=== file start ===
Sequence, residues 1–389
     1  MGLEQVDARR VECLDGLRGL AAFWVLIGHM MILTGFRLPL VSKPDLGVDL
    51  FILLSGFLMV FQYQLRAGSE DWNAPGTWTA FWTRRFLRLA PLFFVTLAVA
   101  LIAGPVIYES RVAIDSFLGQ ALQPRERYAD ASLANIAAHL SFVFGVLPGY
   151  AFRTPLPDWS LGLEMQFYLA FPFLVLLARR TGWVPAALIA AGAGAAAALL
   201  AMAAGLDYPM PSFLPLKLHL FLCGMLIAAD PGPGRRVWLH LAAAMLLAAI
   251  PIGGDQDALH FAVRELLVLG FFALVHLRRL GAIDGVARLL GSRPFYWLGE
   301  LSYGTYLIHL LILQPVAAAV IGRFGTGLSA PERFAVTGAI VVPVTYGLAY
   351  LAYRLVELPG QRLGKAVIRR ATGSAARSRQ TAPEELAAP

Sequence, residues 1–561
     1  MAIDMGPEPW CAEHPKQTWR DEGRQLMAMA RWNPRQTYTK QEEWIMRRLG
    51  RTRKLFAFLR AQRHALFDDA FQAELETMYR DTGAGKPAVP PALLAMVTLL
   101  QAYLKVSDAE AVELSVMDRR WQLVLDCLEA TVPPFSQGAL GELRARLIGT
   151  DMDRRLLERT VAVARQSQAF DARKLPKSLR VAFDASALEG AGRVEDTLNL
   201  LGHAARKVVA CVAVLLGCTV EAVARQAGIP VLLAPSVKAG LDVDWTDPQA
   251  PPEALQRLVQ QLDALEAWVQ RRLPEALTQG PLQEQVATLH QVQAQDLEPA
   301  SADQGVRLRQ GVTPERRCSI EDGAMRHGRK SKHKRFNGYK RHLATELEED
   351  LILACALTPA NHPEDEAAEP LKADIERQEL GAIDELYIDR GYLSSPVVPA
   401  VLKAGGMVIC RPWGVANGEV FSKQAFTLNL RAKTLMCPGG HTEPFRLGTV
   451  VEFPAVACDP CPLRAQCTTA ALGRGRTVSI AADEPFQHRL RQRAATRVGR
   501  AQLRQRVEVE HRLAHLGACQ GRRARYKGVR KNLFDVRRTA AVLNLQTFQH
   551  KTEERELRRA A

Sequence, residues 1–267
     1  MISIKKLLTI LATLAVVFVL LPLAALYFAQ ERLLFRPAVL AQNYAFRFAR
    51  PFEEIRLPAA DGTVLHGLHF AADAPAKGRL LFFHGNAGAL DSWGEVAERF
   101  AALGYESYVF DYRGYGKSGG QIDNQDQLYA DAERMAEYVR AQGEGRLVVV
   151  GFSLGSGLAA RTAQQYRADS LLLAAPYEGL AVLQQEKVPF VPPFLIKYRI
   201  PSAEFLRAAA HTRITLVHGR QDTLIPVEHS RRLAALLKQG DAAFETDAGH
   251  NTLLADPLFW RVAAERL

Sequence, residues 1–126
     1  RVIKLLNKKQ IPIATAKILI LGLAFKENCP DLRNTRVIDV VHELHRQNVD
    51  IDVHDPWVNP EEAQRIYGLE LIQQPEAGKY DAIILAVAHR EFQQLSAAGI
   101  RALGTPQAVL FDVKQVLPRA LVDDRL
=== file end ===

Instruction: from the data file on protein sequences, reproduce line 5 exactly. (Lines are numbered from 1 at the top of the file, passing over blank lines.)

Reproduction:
   151  AFRTPLPDWS LGLEMQFYLA FPFLVLLARR TGWVPAALIA AGAGAAAALL